Immigration: Germany extends border controls with Austria and Denmark for another six months

Immigration: Germany extends border controls with Austria and Denmark for another six months

Did immigration issues drive us to Brexit? What is the word on the streets right now?

Germany extends border controls with Austria and Denmark for another six monthsGermany is set to extend border controls with Austria and Denmark for six more months, upon the expiration of the current extension, on November 12.

The German Interior Ministry announced the move on Friday, claiming the extension is based on the argument that illegal secondary migration was still at high levels, and the external borders of the EU were still lacking proper protection.

“The conditions for lifting the internal controls still don’t exist,” the Interior Minister of Germany, Horst Seehofer claimed in a statement issued by the ministry he leads, adding that it was his duty to do whatever was in his powers to respond appropriately to the challenges of illegal migration.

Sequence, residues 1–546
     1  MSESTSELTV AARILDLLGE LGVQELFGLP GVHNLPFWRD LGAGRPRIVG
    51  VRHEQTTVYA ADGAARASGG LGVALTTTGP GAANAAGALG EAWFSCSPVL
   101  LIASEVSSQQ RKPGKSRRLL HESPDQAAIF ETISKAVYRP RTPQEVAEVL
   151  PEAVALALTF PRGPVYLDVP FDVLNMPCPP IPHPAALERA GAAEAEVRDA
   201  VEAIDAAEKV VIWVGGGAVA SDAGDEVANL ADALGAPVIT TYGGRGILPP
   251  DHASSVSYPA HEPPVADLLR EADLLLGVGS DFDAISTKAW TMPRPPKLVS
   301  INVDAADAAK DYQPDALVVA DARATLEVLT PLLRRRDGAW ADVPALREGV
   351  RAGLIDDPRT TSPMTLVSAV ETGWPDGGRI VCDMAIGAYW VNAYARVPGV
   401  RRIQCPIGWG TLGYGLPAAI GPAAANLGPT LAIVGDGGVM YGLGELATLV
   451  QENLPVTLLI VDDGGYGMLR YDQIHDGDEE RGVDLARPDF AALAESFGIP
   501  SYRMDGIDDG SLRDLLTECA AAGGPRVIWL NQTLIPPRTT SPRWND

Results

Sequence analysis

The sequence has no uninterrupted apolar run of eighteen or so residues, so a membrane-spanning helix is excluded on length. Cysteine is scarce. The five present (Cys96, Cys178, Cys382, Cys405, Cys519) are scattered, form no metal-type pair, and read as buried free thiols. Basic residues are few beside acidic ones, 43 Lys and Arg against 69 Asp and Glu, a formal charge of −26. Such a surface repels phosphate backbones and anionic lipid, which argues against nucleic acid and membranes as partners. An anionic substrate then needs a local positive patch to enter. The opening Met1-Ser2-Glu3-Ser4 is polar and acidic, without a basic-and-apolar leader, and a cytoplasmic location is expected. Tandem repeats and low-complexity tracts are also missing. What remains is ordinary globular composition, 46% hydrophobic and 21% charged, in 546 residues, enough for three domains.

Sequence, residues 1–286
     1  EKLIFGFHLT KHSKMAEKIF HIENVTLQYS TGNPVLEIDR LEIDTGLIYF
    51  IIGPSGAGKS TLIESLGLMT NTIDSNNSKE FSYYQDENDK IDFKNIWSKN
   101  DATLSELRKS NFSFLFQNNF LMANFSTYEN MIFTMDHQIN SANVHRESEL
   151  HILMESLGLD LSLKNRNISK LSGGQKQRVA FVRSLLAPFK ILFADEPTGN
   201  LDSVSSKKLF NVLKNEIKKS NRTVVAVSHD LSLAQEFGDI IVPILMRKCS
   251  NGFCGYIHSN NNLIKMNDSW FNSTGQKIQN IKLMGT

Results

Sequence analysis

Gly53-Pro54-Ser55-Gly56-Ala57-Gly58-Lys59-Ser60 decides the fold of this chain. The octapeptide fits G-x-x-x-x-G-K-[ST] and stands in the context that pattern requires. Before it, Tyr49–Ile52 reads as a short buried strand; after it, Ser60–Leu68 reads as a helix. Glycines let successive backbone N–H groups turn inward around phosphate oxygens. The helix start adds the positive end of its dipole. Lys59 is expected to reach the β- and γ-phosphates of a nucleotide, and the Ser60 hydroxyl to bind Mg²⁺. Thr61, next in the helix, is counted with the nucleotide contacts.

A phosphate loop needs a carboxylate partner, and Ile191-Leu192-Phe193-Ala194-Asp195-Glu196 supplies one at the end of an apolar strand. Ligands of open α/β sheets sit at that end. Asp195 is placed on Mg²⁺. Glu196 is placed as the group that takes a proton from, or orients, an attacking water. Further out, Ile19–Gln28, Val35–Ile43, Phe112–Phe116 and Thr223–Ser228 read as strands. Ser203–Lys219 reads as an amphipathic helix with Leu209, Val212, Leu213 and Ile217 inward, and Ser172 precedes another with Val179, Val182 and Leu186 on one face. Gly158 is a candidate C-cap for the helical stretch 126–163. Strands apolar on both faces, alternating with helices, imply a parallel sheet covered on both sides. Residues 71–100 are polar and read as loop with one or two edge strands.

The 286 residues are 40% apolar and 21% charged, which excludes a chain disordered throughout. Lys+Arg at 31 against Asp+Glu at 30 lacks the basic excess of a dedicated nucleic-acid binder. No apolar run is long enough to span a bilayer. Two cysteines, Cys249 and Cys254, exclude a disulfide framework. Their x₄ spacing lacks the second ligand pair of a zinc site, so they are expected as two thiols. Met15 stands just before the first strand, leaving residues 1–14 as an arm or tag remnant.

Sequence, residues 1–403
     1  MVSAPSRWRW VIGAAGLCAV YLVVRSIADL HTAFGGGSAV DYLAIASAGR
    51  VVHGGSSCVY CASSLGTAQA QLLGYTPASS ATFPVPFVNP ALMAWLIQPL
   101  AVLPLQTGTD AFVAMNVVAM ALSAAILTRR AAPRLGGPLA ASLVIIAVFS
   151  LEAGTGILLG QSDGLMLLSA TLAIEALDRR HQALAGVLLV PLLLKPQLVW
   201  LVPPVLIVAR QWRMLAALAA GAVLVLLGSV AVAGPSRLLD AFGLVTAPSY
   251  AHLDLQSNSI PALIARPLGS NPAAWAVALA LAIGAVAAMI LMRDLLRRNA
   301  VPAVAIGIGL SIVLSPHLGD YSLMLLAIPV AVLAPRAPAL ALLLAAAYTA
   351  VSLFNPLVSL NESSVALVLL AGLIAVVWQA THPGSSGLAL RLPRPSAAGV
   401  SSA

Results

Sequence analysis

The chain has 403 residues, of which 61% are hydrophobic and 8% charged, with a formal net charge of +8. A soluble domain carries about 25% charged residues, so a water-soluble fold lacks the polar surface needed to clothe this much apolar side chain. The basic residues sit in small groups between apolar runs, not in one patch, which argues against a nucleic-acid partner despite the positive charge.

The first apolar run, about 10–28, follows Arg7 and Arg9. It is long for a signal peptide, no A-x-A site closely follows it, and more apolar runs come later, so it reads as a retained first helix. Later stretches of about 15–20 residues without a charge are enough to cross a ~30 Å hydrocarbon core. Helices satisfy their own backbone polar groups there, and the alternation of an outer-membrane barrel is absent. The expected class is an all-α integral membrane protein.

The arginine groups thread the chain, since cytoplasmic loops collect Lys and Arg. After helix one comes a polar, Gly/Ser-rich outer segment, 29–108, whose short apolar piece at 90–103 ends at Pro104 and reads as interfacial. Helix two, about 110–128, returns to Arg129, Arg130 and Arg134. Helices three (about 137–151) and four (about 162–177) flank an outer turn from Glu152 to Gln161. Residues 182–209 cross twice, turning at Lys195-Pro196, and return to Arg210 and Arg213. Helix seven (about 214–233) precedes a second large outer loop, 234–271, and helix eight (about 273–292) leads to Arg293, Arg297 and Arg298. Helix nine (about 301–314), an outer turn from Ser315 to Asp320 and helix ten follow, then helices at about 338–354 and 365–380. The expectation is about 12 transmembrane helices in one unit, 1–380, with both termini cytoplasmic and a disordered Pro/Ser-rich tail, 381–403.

The re-introducing of border controls with Austria and Denmark by Germany had been warned previously in July, at the time when Austria took over the EU Presidency.

The move is part of a deal between the German Chancellor Angela Merkel’s CDU and her coalition partner CSU, which deal also foresaw sending back asylum seekers who were registered in other countries. And in case of Germany having no agreements signed with the member states where these asylum seekers were registered, to send them back at the border with Austria.

The Austrian Prime Minister Sebastian Kurz commented the issue at the time, saying that “if Germany introduces internal borders…, Austria would have to react,” refusing to give further details on the issue.

Germany initially introduced its border controls in 2015, due to the European migration crisis, when hundreds of thousands entered the country as migrants and asylum seekers via Austria. The current extension is set to expire on November 11. The new extension comes into force just a day later, on November 12.

The EU gives the right to member states to reintroduce borders in exceptional situations, for six-month periods. Currently, France, Austria, Germany, Denmark, Sweden and Norway have reintroduced borders in the context of foreseeable events. While France’s extension expires on October 30, for the rest it expires on November 11.

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